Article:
1.14 Q: Our references will exceed the 3-page limit indicated in the checklist on page 8 of the FOA. How shall we decide which references to exclude to comply with the page limitation, given that the exclusion of references cited is usually considered plagiarism?
A: Please include only the most important comprehensive references, and then make the full reference list available on a separate web site. Reviewers will not look at that web site, but it will be available so the authors can protect themselves against charges of plagiarism.
2.1 Q: Does the Center have to have one CENTRAL, PHYSICAL PLACE AT THE UNIVERSITY?
A: No, a single building location is not required, although experience with the present PSAAP program shows that having students, staff, and faculty in close physical proximity is very useful in creating the required closer teaming and interdisciplinary interaction.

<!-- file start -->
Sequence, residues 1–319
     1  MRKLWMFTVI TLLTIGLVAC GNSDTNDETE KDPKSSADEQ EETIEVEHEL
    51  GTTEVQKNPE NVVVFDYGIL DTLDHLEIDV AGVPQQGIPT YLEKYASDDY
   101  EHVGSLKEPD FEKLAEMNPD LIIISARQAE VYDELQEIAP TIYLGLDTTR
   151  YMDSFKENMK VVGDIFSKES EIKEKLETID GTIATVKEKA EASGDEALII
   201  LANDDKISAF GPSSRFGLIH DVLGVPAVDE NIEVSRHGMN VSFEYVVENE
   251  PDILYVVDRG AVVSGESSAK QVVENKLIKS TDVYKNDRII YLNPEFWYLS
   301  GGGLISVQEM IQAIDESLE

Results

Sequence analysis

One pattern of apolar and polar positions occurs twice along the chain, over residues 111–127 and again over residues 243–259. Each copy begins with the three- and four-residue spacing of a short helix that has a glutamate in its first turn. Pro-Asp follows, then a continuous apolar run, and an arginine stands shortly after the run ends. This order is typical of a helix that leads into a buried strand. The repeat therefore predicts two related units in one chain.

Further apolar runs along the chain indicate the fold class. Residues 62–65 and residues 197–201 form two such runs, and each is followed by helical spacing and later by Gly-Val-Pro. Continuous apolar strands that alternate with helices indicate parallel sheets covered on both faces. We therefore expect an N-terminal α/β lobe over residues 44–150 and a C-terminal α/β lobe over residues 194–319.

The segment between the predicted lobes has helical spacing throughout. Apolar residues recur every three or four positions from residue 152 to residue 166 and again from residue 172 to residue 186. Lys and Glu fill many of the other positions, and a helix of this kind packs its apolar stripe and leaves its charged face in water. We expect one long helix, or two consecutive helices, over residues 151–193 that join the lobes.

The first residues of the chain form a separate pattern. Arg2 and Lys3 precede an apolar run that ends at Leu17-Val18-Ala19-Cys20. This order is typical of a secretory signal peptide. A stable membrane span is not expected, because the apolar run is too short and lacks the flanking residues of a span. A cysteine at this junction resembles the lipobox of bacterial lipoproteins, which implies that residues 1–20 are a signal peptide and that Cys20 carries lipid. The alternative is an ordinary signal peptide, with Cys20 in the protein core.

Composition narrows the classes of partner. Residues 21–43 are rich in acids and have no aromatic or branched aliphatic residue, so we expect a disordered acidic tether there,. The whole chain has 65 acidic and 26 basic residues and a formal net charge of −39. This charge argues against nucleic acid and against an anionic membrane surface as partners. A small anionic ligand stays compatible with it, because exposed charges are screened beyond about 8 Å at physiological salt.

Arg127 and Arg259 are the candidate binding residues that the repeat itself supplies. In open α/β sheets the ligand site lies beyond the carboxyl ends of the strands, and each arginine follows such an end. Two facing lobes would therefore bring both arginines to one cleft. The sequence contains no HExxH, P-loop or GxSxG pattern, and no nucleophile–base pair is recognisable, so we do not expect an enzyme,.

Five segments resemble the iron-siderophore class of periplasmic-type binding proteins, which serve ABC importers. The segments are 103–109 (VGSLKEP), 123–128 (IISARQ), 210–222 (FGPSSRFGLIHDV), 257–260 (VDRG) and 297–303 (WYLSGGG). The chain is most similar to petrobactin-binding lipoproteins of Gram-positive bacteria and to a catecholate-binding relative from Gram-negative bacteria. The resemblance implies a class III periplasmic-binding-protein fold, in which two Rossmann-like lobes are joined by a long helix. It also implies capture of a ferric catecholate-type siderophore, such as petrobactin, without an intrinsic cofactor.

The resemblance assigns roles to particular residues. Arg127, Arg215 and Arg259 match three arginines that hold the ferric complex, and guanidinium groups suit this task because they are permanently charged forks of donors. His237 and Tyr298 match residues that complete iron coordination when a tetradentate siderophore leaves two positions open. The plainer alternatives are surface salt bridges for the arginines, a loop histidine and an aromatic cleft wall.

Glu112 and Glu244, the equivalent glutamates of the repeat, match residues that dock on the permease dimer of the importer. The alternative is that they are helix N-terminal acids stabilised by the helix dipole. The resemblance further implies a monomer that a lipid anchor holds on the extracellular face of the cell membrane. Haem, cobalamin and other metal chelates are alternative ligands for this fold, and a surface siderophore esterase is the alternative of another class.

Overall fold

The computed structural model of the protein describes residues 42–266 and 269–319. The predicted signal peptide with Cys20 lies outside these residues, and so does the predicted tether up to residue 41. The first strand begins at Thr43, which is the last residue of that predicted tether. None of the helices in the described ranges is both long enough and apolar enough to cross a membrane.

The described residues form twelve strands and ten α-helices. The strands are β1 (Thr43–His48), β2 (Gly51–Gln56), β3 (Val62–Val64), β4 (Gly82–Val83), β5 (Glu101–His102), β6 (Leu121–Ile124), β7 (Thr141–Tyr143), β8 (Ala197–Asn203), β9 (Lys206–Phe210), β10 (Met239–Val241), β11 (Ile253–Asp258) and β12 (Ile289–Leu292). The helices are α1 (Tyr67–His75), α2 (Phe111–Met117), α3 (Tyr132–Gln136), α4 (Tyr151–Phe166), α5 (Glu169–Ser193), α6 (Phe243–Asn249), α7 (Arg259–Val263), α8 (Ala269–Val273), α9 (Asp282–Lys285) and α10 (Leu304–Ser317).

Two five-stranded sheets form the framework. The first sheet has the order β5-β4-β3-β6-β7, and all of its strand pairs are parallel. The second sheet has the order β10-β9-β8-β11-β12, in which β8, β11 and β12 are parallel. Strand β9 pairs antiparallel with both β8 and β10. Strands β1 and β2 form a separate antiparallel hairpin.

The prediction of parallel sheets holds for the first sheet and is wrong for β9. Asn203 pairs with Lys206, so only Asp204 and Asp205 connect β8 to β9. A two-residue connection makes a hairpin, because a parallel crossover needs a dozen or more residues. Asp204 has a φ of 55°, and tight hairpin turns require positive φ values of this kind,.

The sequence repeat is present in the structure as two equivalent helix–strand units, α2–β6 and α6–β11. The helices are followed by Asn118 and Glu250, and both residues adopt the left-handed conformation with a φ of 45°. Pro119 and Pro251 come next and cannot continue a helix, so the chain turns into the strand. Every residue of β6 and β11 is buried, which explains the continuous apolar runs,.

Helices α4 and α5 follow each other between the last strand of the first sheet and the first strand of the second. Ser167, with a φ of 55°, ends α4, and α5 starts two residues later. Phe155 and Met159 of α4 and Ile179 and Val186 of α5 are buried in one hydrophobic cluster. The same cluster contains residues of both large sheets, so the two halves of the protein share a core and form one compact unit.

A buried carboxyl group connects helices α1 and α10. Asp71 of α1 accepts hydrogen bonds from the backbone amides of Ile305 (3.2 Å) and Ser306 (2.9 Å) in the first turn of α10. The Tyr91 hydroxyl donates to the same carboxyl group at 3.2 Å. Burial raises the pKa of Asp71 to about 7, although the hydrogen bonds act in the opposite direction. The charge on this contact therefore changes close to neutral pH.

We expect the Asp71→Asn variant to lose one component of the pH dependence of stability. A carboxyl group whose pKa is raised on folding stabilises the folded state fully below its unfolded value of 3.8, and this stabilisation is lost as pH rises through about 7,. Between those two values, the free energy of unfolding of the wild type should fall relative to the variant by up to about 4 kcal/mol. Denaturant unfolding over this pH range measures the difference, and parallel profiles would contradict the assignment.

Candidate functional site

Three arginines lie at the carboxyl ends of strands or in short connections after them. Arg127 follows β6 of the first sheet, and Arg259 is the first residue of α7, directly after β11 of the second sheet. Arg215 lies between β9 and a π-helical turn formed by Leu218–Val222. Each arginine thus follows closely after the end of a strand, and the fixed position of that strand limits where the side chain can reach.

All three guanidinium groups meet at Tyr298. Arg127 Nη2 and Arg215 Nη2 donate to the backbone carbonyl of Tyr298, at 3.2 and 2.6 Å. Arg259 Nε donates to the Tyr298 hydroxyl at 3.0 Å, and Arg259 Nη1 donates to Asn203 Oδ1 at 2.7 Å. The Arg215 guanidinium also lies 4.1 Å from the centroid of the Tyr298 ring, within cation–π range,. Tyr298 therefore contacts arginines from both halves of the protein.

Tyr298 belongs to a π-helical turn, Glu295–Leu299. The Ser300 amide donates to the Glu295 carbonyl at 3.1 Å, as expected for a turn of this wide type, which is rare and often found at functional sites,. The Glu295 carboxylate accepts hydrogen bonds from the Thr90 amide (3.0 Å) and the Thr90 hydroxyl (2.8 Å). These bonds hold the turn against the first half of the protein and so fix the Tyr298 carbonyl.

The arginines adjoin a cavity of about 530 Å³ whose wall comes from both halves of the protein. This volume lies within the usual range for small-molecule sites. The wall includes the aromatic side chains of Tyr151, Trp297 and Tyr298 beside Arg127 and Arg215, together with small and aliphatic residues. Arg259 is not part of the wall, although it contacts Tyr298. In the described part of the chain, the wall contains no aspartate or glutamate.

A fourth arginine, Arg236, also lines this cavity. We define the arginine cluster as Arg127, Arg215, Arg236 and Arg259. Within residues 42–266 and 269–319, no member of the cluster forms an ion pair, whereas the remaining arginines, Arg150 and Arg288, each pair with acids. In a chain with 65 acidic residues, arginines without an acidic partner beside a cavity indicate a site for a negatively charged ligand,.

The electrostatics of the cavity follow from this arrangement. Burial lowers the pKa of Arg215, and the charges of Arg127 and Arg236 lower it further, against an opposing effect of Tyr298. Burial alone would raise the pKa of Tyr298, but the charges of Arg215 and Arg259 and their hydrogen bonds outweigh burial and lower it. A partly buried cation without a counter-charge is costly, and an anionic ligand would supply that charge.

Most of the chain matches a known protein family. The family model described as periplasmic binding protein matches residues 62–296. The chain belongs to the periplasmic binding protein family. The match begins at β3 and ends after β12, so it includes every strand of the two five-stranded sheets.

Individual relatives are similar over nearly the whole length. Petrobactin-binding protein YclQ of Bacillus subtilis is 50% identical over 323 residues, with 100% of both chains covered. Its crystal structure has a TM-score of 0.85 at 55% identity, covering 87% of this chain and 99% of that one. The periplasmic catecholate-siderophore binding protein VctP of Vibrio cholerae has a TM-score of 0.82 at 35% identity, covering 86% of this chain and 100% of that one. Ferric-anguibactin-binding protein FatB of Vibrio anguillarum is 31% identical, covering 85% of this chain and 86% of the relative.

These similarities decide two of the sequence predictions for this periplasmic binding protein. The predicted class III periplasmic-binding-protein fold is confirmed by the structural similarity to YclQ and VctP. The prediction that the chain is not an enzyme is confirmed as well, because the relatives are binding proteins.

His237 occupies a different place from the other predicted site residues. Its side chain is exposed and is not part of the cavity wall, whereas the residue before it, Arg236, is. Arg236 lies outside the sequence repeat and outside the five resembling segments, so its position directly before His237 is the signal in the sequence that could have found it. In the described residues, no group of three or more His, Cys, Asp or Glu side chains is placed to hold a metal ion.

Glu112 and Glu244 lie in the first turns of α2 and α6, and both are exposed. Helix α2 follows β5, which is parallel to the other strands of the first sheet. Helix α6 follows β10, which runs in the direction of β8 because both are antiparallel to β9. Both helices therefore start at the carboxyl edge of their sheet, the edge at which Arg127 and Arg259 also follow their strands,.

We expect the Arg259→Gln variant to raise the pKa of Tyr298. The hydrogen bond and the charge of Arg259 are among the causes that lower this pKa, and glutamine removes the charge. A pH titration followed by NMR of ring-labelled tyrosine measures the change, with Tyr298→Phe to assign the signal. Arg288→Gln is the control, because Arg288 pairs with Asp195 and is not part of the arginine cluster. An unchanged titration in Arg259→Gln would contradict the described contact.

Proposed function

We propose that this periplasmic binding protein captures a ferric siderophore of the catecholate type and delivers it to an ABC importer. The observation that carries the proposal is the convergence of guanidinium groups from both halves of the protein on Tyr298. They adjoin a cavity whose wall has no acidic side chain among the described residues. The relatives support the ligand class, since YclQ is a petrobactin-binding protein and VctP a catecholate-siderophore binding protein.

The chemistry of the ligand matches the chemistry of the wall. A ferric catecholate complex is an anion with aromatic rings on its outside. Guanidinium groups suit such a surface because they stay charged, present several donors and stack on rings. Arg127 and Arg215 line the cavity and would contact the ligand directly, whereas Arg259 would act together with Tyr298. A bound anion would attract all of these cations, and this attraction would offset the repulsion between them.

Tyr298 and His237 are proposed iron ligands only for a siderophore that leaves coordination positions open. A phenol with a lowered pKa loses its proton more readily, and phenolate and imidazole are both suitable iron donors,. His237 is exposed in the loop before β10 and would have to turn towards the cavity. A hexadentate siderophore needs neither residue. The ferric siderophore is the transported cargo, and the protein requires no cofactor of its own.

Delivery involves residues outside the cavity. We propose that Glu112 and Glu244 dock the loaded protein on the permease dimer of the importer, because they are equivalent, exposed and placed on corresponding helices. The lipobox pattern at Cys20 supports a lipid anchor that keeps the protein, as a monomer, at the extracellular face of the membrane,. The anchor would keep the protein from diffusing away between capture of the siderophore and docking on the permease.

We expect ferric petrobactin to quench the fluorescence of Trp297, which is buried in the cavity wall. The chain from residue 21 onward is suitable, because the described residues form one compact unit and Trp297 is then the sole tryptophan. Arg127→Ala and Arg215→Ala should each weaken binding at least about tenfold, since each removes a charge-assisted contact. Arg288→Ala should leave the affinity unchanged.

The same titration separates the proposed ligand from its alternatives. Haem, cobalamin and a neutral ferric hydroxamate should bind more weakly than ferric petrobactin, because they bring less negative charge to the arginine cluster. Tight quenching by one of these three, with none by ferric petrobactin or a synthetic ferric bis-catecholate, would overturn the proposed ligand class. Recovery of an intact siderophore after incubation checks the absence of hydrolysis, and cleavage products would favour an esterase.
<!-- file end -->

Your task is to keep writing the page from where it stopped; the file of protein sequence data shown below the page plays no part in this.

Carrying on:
3.1 Q: When does DOE anticipate making the SITE VISITS TO THE FINALIST INSTITUTIONS?
A: If required, we anticipate making site visits in the fall of 2012. This could change and we will work with the institutions to find mutually convenient times.
4.1 Q: WHO CAN RECEIVE FUNDING under PSAAP?
A: The table below has been created to help clarify who can receive ASC funds for PSAAP, either as a prime contractor or subcontractor, and who can be formal participants (listed on the proposal), or informal participants, either receiving ASC funds or funds from other sources.
* Even though NNSA Lab personnel cannot receive funding under this program, proposers are encouraged to develop collaborations as appropriate.